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Mixtures of milk fat or milk fat fractions, produced by melt crystallization, and cocoa butter were studied using isothermal calorimetry. Crystallization of cocoa butter (at 15, 20 and 25‡C) was observed, and induction time for nucleation, peak time and amount of heat produced were recorded. Melting profiles and X-ray spectra were also obtained, yielding information about extent of crystallization and type of polymorph obtained. Induction time for nucleation generally increased with increasing temperature. Peak time increased at 15‡C, but decreased at 20‡C. Amount of crystallized fat decreased with increasing level of milk fat.

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Abstract  

Thermal stability of pharmaceutical ingredients is an important aspect. In this study, we adopted differential scanning calorimetry (DSC) to investigate thermal stability of suppository bases, theobroma oil (cocoa butter) and a palm kernel oil (PKO) blend. The study shows theobroma oil possesses six polymorphic forms whilst the palm kernel oil blend has three. Upon rescanning, the PKO blend does not show changes in the enthalpy of fusion and the melting point with time, whilst the theobroma oil shows significant reduction, and only regained its thermal stable state after 10 days. This indicates that PKO blend possesses better thermal stability.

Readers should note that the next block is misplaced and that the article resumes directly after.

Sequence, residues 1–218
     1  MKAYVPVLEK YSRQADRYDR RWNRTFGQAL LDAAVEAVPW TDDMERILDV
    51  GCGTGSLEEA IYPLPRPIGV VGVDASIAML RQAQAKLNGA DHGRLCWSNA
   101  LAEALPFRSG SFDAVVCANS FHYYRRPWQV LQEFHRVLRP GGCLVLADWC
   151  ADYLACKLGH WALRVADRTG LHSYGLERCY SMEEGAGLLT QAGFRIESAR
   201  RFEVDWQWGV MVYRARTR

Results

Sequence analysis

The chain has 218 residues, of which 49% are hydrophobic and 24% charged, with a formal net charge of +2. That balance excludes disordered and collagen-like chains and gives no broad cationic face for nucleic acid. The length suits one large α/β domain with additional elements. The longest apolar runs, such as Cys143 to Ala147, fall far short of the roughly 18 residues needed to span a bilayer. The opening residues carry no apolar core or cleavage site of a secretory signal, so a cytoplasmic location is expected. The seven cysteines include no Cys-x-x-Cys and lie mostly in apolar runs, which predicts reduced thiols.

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Investigation of the complex thermal behavior of fats

Combined DSC and X-ray diffraction techniques

Journal of Thermal Analysis and Calorimetry
Authors: G. Keller, F. Lavigne, C. Loisel, M. Ollivon, and C. Bourgaux

The thermal behavior of three ural fats (displaying very different composition), cocoa butter (CB)2, lard, and a stearin obtained from anhydrous milk-fat (AMF) fractionation, were studied by both DSC and X-ray diffraction as a function of temperature (XRDT). To perform temperature explorations between −30‡C and +80‡C, at rates identical to those used for DSC and ranging from 0.1 K min−1 to 10 K min−1, a new set of X-ray sample-holders, temperature-controlled by Peltier effect, has been developed. It is shown that the three more stable polymorphic forms of CB were easily characterized by either X-ray diffraction or DSC, and existence of two Β-3L forms was confirmed. On the contrary, the more complex polymorphism of lard and AMF required combined examination by DSC and XRDT and the brightness of the synchrotron source for studies at the highest heating rates. Quantitative analysis of the long spacings of XRDT recordings is invaluable for interpretation of thermal events. For instance, it was found that the simultaneous formation of two polymorphic forms, of apparent long spacing of 34 and 42 å, at the onset of lard crystallization might explain the difficulty of its fractionation.